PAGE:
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Real Estate Coalition Opposes FCC’s Notice That May Permit Broadband Equipment on Private Property Without Owner Consent

  • June 11, 2019

Installation of certain communications equipment on leased property to enable expansion of wireless networks should not be allowed without owner consent.  That is the message submitted on June 3 to the Federal Communications Commission (FCC) by an industry coalition that includes The Real Estate Roundtable.  (Joint Industry Comments to FCC).

The installation of certain communications equipment on leased property to enable expansion of wireless networks should not be allowed without owner consent.  (Joint Industry Comments to FCC, June 3)

  • The coalition's comments come as the FCC considers whether to expand its interpretation of federal law regarding consumer home antennas, spurred by the development of 5G technology for the next generation of advanced communications equipment. 
  • Current FCC rules allow residential and commercial tenants to install in leased spaces certain types of "customer-end" antennas and satellite dishes known as Over-the-Air-Reception Devices ("OTARD").  The current scope of the OTARD rules is designed to enable consumer choice for tenants to select the kinds of cable and broadband services they desire. 
  • The FCC's Notice of Proposed Rulemaking (announced on March 22) suggests a regulatory expansion outside the existing scope of "customer-end" devices in leased residential apartments and indoor office spaces.  The agency's proposal would confer a broad grant of rights on broadband providers to access rooftops and other common areas – without the building owner's consent – for the dense deployment of "hub and relay" antennas and other fixed wireless devices attendant to 5G infrastructure.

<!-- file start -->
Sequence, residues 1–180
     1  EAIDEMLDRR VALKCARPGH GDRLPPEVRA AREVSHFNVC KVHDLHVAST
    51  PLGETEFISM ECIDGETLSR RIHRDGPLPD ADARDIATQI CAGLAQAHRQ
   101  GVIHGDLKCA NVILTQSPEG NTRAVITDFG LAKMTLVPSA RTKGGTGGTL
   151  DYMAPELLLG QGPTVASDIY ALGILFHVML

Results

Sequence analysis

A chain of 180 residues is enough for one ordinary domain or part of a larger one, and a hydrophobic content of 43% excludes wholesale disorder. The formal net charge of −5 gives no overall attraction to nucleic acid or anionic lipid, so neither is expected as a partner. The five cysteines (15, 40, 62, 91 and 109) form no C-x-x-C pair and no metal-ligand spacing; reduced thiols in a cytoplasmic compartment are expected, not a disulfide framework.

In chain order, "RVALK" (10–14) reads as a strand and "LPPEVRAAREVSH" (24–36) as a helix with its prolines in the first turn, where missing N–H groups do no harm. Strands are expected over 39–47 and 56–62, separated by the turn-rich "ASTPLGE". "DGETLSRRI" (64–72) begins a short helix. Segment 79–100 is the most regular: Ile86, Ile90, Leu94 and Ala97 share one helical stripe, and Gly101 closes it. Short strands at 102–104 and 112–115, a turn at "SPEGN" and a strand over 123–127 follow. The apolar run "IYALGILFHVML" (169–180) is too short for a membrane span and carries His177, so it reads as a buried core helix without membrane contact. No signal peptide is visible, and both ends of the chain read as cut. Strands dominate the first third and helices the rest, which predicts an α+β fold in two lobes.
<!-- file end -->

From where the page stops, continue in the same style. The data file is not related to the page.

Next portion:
• The real estate coalition believes new FCC rules are not necessary because apartment residents, commercial tenants, and other customers demand fast and reliable Internet service in the 21st century marketplace.  "[C]ompetitiveness … has driven property owners to ensure that broadband infrastructure is available in their communities and other buildings," the industry's comments state.  "This deployment has taken place without government mandates, and the Real Estate Associations strongly believe that government intervention is not needed."   

    The Real Estate Associations' opposition to the Over-the-Air-Reception Devices ("OTARD") rule's expansion is detailed in expansive comments

     
  • According to the coalition, property owners have invested in excess of half a billion dollars over the past decade – a low-ball estimate – of their own capital to deploy broadband infrastructure in their assets.  Additionally, a basic exercise of building management is to enter into mutually beneficial arrangements with broadband providers to provide tenants with Internet access.  Government intervention – and regulation of rooftops and other building spaces – is not necessary because the market is already functioning and thriving. 
  •  The real estate groups' comments acknowledged that broadband deployment in the nation's rural areas (81.7 percent coverage) lags considerably behind urban coverage (99 percent).  Strides need to be made to "close the gap between urban and rural deployment.  But we also think it is important to note that existing rates of deployment were achieved with cooperation of the real estate industry," the groups explained to the FCC.         

The Real Estate Associations' opposition to the OTARD rule's expansion is detailed in its expansive comments.  For more information, see the National Multifamily Housing Council's resources on telecommunications issues.

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